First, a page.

Spike Lee’s Da 5 Bloods, coming to Netflix June 12, tells the story of four black veterans — Delroy Lindo, Isiah Whitlock Jr., Clarke Peters, and Norm Lewis — who return to Vietnam to recover the remains of their commander (Chadwick Boseman) plus a trunk full of gold that they found and buried during combat five decades ago. But they have a stowaway: Jonathan Majors, who plays Lindo’s son, David. Majors, whom you’ve seen before in 2019’s The Last Black Man in San Francisco, and will see again soon in HBO’s Jordan Peele–produced Lovecraft Country, spoke with us about why Lee cast him, going to bootcamp with his co-stars, and when he hopes to get back to work.
How did you wind up in this movie? What had Spike seen you in?
I don’t know what Spike had seen me in — maybe The Last Black Man in San Francisco? It was a casting agent who connected us. I biked down from Harlem to Brooklyn to meet him at his office. We went to his editing studio, and he showed me a music video he’d made for the Killers dealing with the border wall. And I’m watching it, fool that I am, and I just start crying. And then Spike tells me about the film: “Delroy Lindo’s going to play your dad. We shoot in Thailand. You got a passport?” I go, “What? That’s it?” I walked my bike 14 miles back to Harlem, just kind of like, Holy fuck, and then I called my team: “Guys, I got it.” And they were like, “What do you mean you got it?”
What happened next? Doesn’t your agent usually get a call when something like this happens?
I had a whole day of sweating, because I’d told my team I got this job, but Spike hadn’t said anything to anyone. But he’s a man of his word. I got a call about 40 hours later. He said, “Hey, you’re in. You should have dinner with a few of the guys.” So I had dinner with Delroy Lindo, Isiah Whitlock, and Norm Lewis.
Spike held a boot camp for the cast, to prepare them for war scenes but mostly to help them acclimate to the 100-plus-degree temperatures in Thailand, where most of the movie was shot. Your character, David, wasn’t born yet when the Vietnam War happened, so did you have to go?
Yeah, and that was the coolest part about the whole experience for me. David is not in the flashbacks — it would have been chronologically impossible — but I was there every day. I stood in for Chadwick before he got there, because we needed the right numbers, so Spike threw me in with the Bloods. He was getting us ready, and I could see my body, and the bodies of the gentleman I was working with, change. And so did our mentality — you’ve got to keep the gun up and you’ve got to protect the fellow next to you. It was nice for me, as an actor, to do that type of training, to see what these other characters went through, to even some small degree. That’s the reason David joins the others in Vietnam. [To understand what they went through]. It’s directly connected to David’s relationship with his dad, Paul, Delroy’s character.
I was doing the gun training, the formation training. I ripped a lot of pants. I’m 30 to 40 years younger than these other folks, but regardless of age or athletic ability, it was a bitch. We shot this movie on rough terrain. There’s one scene in the movie where I’m coming down a hill. I was mic’d up and speaking to myself, “Do not bust your ass.” That wasn’t scripted.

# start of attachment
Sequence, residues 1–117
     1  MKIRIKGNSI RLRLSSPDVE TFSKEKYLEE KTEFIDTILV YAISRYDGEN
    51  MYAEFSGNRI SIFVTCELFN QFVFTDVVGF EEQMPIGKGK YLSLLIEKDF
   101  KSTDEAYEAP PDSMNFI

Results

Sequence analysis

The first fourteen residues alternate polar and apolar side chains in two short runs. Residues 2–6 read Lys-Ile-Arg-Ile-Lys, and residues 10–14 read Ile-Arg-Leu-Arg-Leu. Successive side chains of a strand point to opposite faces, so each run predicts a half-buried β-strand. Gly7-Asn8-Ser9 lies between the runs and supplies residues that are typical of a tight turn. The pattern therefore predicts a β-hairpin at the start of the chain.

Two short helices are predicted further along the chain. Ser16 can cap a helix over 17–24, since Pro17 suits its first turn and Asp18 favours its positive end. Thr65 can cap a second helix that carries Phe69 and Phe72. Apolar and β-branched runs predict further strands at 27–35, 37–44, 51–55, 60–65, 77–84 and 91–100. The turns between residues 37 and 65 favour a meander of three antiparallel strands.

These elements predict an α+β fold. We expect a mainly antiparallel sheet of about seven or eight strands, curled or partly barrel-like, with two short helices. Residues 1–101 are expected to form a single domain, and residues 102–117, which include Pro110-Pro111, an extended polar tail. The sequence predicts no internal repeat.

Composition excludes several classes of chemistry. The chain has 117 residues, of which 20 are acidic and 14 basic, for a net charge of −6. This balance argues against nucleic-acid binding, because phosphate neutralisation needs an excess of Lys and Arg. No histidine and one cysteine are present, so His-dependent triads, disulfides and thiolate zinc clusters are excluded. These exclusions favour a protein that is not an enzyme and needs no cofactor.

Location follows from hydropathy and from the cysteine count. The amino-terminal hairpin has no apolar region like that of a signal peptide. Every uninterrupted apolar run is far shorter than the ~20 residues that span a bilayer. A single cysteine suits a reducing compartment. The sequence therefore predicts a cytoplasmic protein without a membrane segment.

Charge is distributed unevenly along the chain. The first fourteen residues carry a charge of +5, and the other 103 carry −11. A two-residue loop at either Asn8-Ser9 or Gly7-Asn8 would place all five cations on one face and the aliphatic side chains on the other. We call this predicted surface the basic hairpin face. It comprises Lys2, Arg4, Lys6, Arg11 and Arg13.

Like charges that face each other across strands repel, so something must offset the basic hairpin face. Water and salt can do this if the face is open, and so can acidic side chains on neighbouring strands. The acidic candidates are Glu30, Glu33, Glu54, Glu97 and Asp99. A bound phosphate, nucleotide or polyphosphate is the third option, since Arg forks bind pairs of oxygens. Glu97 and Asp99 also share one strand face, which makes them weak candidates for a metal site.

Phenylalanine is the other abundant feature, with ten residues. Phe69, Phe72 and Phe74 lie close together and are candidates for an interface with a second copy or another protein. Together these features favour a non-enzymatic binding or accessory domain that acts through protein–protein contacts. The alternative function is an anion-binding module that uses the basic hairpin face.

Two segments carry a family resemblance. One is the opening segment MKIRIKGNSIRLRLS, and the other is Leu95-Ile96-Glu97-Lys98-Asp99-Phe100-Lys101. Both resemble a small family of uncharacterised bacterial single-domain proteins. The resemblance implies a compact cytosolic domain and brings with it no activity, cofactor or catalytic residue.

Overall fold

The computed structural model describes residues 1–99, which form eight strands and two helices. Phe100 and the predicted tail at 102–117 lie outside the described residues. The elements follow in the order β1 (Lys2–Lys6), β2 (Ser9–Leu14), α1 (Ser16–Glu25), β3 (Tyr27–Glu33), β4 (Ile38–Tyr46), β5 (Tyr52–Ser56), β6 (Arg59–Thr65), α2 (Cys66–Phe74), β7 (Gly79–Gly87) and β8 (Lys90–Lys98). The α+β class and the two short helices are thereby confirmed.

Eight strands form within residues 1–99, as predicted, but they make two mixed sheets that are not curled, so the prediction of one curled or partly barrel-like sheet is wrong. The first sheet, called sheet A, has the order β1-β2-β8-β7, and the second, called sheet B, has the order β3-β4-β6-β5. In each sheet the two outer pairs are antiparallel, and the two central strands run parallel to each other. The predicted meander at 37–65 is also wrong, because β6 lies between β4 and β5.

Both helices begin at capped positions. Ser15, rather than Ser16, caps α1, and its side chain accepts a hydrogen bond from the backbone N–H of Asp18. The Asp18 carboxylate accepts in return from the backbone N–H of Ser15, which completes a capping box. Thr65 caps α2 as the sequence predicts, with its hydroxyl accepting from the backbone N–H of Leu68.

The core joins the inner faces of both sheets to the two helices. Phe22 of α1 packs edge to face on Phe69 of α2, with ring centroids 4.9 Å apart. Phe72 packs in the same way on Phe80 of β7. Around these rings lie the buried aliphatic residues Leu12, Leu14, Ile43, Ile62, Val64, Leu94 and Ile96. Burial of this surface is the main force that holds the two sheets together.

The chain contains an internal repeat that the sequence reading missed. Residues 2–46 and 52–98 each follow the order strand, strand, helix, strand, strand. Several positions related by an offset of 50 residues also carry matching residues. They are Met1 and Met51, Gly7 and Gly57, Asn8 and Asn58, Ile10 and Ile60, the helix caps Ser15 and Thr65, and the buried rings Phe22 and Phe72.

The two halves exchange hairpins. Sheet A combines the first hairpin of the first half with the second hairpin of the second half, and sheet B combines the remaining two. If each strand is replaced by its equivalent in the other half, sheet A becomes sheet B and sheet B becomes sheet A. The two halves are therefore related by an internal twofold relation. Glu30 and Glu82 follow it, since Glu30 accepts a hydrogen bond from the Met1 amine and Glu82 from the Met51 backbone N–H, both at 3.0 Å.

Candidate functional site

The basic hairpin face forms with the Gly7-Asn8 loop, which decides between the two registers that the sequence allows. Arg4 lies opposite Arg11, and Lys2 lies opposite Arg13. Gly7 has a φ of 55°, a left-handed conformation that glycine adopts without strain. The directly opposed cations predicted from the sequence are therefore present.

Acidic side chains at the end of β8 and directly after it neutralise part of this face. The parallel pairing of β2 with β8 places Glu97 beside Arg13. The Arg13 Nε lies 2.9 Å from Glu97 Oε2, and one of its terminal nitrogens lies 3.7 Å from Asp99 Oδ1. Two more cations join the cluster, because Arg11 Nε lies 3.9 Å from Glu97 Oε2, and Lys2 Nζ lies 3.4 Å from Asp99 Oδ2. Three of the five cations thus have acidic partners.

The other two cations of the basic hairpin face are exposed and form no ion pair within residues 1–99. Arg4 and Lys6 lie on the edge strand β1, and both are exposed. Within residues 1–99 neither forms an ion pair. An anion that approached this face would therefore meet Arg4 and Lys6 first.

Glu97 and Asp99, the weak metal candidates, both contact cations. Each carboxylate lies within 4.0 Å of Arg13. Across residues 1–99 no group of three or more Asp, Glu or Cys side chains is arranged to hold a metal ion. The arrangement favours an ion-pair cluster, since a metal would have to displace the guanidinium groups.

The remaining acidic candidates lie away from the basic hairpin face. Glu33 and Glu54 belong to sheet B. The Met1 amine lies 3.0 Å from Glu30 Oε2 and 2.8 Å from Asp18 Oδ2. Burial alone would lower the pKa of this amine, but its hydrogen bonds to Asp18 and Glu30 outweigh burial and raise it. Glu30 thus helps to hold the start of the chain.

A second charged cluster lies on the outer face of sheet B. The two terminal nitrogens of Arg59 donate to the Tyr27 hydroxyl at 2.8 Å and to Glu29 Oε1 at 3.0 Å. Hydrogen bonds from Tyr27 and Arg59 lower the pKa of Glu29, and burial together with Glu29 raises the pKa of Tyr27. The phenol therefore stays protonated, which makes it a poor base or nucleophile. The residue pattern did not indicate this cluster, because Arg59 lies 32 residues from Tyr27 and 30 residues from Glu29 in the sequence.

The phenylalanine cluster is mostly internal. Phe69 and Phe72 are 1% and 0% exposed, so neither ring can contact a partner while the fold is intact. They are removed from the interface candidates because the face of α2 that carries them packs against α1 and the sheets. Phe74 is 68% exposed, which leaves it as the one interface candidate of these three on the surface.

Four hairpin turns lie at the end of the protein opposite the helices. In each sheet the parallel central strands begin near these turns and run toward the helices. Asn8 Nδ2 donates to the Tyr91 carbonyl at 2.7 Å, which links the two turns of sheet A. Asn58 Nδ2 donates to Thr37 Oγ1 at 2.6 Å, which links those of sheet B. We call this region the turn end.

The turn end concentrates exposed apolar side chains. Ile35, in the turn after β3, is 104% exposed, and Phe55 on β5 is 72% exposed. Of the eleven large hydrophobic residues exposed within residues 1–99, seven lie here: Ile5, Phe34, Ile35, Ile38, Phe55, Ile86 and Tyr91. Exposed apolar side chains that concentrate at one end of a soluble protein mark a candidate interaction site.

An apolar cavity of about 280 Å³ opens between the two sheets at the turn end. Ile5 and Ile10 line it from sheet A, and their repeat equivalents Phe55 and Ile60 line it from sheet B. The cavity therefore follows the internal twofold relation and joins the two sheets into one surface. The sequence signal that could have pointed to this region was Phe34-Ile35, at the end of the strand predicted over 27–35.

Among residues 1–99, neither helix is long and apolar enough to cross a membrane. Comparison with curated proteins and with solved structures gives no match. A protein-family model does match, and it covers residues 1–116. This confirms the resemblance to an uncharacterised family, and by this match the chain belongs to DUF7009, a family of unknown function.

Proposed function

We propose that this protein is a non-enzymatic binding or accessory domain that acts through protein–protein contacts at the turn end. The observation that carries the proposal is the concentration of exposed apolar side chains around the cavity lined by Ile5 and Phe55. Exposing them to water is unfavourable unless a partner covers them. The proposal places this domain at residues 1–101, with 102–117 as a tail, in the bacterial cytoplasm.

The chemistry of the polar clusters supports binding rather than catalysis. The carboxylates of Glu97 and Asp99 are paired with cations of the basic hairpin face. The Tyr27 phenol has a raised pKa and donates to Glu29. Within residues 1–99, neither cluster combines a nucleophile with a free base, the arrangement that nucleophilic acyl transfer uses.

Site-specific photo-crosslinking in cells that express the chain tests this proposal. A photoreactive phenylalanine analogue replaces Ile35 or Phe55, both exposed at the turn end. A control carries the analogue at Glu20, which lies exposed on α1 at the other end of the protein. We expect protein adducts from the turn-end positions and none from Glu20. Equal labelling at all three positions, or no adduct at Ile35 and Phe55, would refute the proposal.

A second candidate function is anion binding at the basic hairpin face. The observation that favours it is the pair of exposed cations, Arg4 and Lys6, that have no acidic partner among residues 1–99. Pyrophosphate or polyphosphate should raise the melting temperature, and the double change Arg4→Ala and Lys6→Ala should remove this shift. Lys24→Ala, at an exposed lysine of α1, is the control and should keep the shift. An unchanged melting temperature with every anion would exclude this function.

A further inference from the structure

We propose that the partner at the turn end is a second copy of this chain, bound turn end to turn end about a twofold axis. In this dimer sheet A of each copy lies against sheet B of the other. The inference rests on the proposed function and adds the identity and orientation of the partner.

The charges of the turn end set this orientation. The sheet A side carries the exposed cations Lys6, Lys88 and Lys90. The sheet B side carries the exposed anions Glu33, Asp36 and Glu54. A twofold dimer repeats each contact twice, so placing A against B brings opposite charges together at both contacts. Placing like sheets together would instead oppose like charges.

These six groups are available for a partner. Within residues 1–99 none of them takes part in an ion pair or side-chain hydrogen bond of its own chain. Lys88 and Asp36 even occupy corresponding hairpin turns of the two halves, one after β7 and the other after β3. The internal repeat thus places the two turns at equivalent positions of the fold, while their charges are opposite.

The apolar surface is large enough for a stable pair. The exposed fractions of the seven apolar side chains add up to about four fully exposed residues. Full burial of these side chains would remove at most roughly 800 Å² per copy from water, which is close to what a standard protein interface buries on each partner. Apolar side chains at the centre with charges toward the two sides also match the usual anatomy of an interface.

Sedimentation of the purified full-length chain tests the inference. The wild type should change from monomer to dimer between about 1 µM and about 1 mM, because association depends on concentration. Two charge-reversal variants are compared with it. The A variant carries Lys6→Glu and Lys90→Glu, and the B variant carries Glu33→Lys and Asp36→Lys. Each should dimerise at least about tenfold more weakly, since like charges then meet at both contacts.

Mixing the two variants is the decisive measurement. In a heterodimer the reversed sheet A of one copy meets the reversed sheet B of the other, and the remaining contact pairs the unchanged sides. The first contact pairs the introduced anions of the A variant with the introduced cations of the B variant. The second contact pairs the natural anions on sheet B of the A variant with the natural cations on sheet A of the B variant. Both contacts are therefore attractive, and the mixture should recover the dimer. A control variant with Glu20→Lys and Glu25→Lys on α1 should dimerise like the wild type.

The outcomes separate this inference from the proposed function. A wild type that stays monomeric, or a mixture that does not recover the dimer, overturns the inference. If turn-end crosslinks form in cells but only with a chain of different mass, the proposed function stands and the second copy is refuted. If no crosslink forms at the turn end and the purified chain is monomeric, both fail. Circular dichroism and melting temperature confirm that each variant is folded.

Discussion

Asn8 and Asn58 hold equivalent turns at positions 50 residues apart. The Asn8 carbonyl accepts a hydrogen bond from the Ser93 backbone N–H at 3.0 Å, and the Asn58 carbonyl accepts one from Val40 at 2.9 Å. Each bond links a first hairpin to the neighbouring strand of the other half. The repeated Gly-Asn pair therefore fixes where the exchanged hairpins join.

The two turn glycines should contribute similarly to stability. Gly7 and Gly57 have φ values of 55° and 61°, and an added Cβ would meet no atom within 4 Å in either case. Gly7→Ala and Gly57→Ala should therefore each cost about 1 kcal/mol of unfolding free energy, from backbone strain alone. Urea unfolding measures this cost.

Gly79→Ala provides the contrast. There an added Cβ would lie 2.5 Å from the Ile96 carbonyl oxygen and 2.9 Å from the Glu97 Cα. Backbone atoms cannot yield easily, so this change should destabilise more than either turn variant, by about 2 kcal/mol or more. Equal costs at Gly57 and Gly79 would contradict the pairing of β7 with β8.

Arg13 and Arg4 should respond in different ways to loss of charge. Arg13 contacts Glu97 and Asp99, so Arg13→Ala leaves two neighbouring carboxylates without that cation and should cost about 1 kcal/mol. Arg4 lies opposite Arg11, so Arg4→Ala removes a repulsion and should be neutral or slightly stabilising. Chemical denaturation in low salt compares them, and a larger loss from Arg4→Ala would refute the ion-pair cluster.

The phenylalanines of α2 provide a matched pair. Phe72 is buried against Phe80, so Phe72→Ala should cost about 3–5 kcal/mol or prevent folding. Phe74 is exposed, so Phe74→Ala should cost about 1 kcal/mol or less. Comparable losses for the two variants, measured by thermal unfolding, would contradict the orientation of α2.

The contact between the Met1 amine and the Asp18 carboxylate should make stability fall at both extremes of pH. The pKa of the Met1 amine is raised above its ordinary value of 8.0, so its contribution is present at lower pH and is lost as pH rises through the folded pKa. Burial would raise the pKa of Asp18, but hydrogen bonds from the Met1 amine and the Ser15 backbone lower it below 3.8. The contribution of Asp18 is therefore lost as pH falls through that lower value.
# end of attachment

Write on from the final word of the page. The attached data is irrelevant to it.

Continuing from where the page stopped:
David and Paul have a difficult relationship in the movie. Did you and Delroy work through your backstories together?
Spike was very adamant about me and Delroy having each other’s numbers. I’m a young, anxious actor, and I called him, and he said, “Let’s do it. Let’s work.” Delroy and I share backgrounds — he went to American Conservatory Theater, and I’m a graduate of the North Carolina School of the Arts and the Yale School of Drama, and there’s a great crossover in the pedagogy. He did a lot of August Wilson, and so did I. We met, and I studied him and tried to figure him out: Okay, what are the mannerisms? What is his temperament like? We began to bond. It’s a bit complicated in the film. Our characters are not buddy-buddy. There’s conflict.
In part because Delroy’s character is a Trump voter.
Yeah. My character, David, is an African-American Studies teacher, and for him to see anybody, especially his father, wear the hat of 45, that’s a bit jarring.
Spike told me that as soon as he yelled cut, Delroy would take the hat off.
But when he had it on, he had it on. He doesn’t wear it the entire film, but when he puts it on, it symbolizes something — that he’s in a certain mind space, and his energy has shifted. But then it didn’t surprise me that Delroy, being the man he is, would want to take it off and not take that energy with him.
Where have you been quarantining?
I’m in Santa Fe, New Mexico.
You’re in Lovecraft Country, which is on HBO in August — luckily that’s already wrapped. But what about The Harder They Fall, the Western you’re making with Idris Elba?
That’s why I’m here. The idea is to try to start shooting again in August, at the latest. I think June or July could benefit us. We’re in such an isolated place here. Spike and I spoke last night, actually, and he was asking the same question, because we’re cooking up some stuff too. So yeah, we hope to go soon.
Da 5 Bloods was supposed to play in theaters alongside stuff like Wonder Woman 1984 and Fast and Furious 9 before premiering on Netflix. But almost every other major summer movie is in limbo for now, which means you’ll have viewers’ undivided attention.
If there is any silver lining to this, it’s that we get to bring the story of some actual real-life heroes to everybody’s homes.